Cancer treatments can affect and temporarily destroy taste buds. Your sense of smell may also be altered. Changes in taste and smell can reduce appetite and create aversions to food. To combat this, try combinations of foods that make food taste and smell better to you.
Some people find that tart flavors, like lemon wedges, vinegar, and pickled foods, are better tolerated and tasted. If you have a metal taste in your mouth, try drinking water flavored with lemon before you eat.
If your food tastes too bitter, salty, or sour, try adding sugar.
For a metal tasting meats, marinate in sweet juices, fruits, or acidic dressings. However, if you have sores in your mouth, avoid the acidic marinades.
To clear your taste buds before eating, rinse your mouth with a swig of this solution:
- 1 quart water
- ¾ teaspoon salt
- 1 teaspoon baking soda.
For smells that trigger nausea, try covering beverages with a lid and using a straw to drink, choose cold foods that don’t need to be cooked – cooking can release smells that can be nauseating or overwhelming – and avoid places that have strong odors, such as restaurants.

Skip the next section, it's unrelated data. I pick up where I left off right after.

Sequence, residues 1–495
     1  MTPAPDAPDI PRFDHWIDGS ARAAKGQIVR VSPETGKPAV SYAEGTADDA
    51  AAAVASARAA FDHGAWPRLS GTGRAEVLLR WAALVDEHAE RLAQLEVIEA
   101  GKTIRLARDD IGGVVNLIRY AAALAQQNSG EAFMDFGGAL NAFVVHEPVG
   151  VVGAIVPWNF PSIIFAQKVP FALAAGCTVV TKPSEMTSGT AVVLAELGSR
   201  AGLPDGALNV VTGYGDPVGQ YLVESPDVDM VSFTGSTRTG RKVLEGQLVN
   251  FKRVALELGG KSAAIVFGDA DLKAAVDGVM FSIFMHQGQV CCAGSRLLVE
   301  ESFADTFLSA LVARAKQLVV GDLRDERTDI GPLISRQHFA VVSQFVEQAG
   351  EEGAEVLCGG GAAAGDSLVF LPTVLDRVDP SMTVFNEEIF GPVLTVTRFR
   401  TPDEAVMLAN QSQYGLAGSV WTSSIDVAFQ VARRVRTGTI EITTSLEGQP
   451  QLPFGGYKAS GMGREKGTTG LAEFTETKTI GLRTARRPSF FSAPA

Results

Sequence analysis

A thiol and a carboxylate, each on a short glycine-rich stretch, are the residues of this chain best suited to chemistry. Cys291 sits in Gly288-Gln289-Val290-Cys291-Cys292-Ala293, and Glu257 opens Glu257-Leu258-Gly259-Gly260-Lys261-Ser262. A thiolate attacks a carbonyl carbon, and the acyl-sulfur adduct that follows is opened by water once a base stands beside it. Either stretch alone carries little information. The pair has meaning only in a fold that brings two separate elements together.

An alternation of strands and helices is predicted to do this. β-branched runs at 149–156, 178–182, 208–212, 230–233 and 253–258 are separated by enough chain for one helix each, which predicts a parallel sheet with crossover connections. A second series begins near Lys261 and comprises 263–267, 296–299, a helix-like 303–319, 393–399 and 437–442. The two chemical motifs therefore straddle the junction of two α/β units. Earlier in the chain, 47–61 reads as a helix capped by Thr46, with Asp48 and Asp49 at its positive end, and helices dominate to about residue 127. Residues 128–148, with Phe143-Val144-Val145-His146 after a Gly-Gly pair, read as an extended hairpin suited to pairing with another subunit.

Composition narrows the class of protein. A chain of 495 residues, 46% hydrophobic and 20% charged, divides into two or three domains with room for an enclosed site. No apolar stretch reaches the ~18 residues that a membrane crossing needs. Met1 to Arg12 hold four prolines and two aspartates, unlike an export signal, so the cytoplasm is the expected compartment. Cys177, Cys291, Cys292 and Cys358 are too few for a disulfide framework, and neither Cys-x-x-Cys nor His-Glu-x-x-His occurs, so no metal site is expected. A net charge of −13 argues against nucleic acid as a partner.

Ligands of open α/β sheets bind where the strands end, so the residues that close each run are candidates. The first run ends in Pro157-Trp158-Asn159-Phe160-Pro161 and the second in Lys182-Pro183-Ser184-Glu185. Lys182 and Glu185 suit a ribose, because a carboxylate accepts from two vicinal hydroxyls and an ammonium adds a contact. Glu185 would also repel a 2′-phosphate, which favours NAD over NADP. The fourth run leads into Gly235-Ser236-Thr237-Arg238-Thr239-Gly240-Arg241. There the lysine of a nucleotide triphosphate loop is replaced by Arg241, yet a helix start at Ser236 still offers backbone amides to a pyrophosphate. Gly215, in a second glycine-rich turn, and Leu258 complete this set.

A health promoting outlook
Once your taste buds start coming back, train them! Instead of going back to your old favorite not-so-healthy foods, train them to like health promoting foods like unsweet tea, leafy greens and whole grains! Taste preferences are learned and you get to have a redo on your taste preferences.
- Try tart flavors like lemon wedges, vinegars, and pickled foods
- Marinate foods in sweet juices, fruits, or dressings with acids – just be sure not to hurt your mouth!
- Cover drinks, especially nutrition drinks, with a lid and straw so that you can’t smell them
- Eat cold or room temperature foods and avoid foods that need to be heated, which can make smells stronger
- Once taste buds do come back, train them to like new (and healthy!) flavors and foods